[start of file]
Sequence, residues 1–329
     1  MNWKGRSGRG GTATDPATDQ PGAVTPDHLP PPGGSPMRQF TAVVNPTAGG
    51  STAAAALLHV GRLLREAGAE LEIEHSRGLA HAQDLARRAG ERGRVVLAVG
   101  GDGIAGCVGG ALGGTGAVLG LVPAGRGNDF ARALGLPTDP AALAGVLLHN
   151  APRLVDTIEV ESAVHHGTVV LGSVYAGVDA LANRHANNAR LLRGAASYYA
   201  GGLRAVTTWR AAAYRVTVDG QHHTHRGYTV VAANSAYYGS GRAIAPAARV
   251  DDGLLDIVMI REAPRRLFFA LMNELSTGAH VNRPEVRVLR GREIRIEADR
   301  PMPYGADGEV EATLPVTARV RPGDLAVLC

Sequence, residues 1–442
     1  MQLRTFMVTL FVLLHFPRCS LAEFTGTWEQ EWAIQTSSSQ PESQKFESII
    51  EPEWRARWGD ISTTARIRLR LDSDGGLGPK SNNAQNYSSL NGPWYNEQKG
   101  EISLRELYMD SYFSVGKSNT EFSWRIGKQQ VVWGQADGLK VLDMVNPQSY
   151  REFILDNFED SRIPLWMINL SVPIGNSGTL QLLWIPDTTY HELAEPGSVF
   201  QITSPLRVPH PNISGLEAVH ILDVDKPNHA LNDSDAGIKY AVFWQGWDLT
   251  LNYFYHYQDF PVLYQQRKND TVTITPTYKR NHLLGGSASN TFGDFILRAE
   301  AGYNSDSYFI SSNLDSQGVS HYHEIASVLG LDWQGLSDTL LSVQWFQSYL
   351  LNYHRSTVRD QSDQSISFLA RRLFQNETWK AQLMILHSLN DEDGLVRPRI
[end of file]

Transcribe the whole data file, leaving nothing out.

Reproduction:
Sequence, residues 1–329
     1  MNWKGRSGRG GTATDPATDQ PGAVTPDHLP PPGGSPMRQF TAVVNPTAGG
    51  STAAAALLHV GRLLREAGAE LEIEHSRGLA HAQDLARRAG ERGRVVLAVG
   101  GDGIAGCVGG ALGGTGAVLG LVPAGRGNDF ARALGLPTDP AALAGVLLHN
   151  APRLVDTIEV ESAVHHGTVV LGSVYAGVDA LANRHANNAR LLRGAASYYA
   201  GGLRAVTTWR AAAYRVTVDG QHHTHRGYTV VAANSAYYGS GRAIAPAARV
   251  DDGLLDIVMI REAPRRLFFA LMNELSTGAH VNRPEVRVLR GREIRIEADR
   301  PMPYGADGEV EATLPVTARV RPGDLAVLC

Sequence, residues 1–442
     1  MQLRTFMVTL FVLLHFPRCS LAEFTGTWEQ EWAIQTSSSQ PESQKFESII
    51  EPEWRARWGD ISTTARIRLR LDSDGGLGPK SNNAQNYSSL NGPWYNEQKG
   101  EISLRELYMD SYFSVGKSNT EFSWRIGKQQ VVWGQADGLK VLDMVNPQSY
   151  REFILDNFED SRIPLWMINL SVPIGNSGTL QLLWIPDTTY HELAEPGSVF
   201  QITSPLRVPH PNISGLEAVH ILDVDKPNHA LNDSDAGIKY AVFWQGWDLT
   251  LNYFYHYQDF PVLYQQRKND TVTITPTYKR NHLLGGSASN TFGDFILRAE
   301  AGYNSDSYFI SSNLDSQGVS HYHEIASVLG LDWQGLSDTL LSVQWFQSYL
   351  LNYHRSTVRD QSDQSISFLA RRLFQNETWK AQLMILHSLN DEDGLVRPRI